Tightened U.S. rules on dealings with Cuba are reducing contacts between American and Cuban scientists who want to study and preserve the island's treasure of flora and fauna.
BY GEORGIA TASKER
The hoary old-man palm, a nearly extinct cycad, the curious belly palm, the world's smallest hummingbird, a kapok relative that grows on the sides of limestone cliffs -- these unique plants and animals make Cuba, the largest island of the Greater Antilles, a biological treasure trove.
Half of the island's 6,700 species of plants are found nowhere else, even within the greater Caribbean region -- which claims only 12,000 plant species in all.
So dazzling are Cuba's flora and fauna that despite the four-decades-old U.S. embargo, a cadre of American scientists has been working quietly for years with their Cuban colleagues, racing to protect as much as possible before the natural splendor butts heads with resorts and condominiums.
This scientific cooperation has been growing for a decade, as Cuba began to allow more scientists into the country and the United States permitted more scientific exchanges.
But recent Bush administration restrictions on travel to Cuba are reducing the flow of information once more. Scientists no longer can go for a few days to collect plants or consult with colleagues -- they must stay for 10 weeks. They can't spend more than $50 a day, so renting a car may prove impossible. And a separate, specific license must be obtained if a research scientist wants to collaborate with a Cuban counterpart.
WHAT THE RULES ALLOW
Molly Millerwise, a Treasury Department spokeswoman, said the new rules will allow a trickle of exchange.
''An accredited university can apply to have 10 weeks in Cuba, and when licensed, it can engage in research,'' she said. ``That includes having a scholar come up to the U.S. and teach. Cuban nationals under this license -- they can teach, and the university can pay them for it.''
But the landscape has clearly changed. The rules make it ''much more difficult for people to engage in legitimate scientific research,'' said John Croatsworth, director of Harvard University's David Rockefeller Center for Latin American Studies.
Mike Maunder, director of Fairchild Tropical Botanic Garden in Coral Gables, said the garden has suspended its Cuba research because of the restrictions.
Brad Bennett, an ethnobotanist at Florida International University who made his first trip to Cuba this year, said FIU was not sure what the restrictions would mean to its researchers.
Scientists, including those from FIU and Fairchild, are awed by the plant life they have seen in Cuba.
''I was surprised at how much diversity there was,'' Bennett said. ''On the eastern end, it was just mind-boggling.'' Bennett calls the island ''a palm paradise,'' and Fairchild and FIU have focused on ways to save nearly extinct palms.
Ties between biologists in the United States and Cuba reach back at least to 1899, when sugar-cane grower Edwin Atkins asked Harvard for help with his crops. In 1902, Harvard set up an agricultural research center, which became the Harvard garden. It was taken over by the Cuban government after the 1959 revolution, which curtailed U.S.-Cuban botanical cooperation, and is now the Cienfuegos Botanical Garden.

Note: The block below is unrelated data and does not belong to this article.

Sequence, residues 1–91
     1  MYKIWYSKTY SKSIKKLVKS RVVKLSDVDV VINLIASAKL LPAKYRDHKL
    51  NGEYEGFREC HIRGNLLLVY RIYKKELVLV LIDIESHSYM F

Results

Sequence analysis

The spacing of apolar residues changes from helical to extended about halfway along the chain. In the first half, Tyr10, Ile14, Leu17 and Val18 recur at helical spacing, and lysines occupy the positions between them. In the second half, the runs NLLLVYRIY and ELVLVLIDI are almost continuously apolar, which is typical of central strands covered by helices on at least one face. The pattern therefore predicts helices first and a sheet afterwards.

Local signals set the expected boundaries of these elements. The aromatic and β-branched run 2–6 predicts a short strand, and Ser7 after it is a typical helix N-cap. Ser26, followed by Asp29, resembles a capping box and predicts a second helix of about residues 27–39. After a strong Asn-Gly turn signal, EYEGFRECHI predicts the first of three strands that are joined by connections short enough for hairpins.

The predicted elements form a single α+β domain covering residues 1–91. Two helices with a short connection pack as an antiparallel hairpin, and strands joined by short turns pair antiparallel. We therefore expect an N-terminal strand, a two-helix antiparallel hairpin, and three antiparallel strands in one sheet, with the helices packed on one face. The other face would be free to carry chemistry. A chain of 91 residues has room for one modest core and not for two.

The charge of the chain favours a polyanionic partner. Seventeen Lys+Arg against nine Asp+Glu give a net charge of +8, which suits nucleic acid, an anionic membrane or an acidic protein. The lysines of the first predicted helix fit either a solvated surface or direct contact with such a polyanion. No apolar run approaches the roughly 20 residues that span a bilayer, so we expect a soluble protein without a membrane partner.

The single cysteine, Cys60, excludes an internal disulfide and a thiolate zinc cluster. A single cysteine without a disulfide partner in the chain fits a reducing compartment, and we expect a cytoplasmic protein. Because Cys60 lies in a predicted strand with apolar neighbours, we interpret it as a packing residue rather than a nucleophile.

FOCUS ON TOURISM
After the Soviet Union ended its financial subsidies to Cuba in 1989, there wasn't enough money for food, much less plant science. President Fidel Castro switched his focus from biotechnology to tourism, to bring money to the island quickly.
For the biotechnology people, scientific journals were stopped and computer use was restricted. By the late 1990s, some frustrated biotech scientists had left.
In the 1980s, international conservation groups began to focus on conservation in the Caribbean, where intense agriculture and growing populations had put a severe squeeze on natural areas. Two conferences in the mid-1990s, organized by the David Rockefeller Center at Harvard, further raised scientific consciousness about the importance of Cuba's environment.
As more U.S. scientists traveled to Cuba, they found 85 endemic palms, two dozen native begonias and distinctive pine forests. They also found a cadre of Cuban biologists who had been well trained in Russia and East Germany but had few resources.
''Almost everything is done on a shoestring because a shoestring is all they have,'' said Bob Dressler, a Central Florida orchid expert who attended a conference at the Soroa Orquideario in 1997, then drove across Cuba, looking for orchids. Cuban botanists who went along were ''delighted to have someone who could buy the gas for a field trip,'' he said.
Andrew Guthrie, a U.S. citizen who heads the Queen Elizabeth II Park on Grand Cayman Island, found a shortage of such basics as gardening hand tools in 1995. ''So we left them our trowels,'' Guthrie said.
When Missouri Botanical Garden's Shirley Graham worked there last year on the Flora of Cuba, she took along newspapers for pressing plants in the field.
The island's flora are so rich that scientists hope to do what they can to work within the narrow limits of the new restrictions.
The Internet is proving to be an important medium for information exchange.
''Their journals are old and difficult,'' said Brian Boom of the New York Botanical Garden.
"So one of the ways we are trying to bridge that [gap] is to get high-resolution
digital images of specimens and put them on the Web.''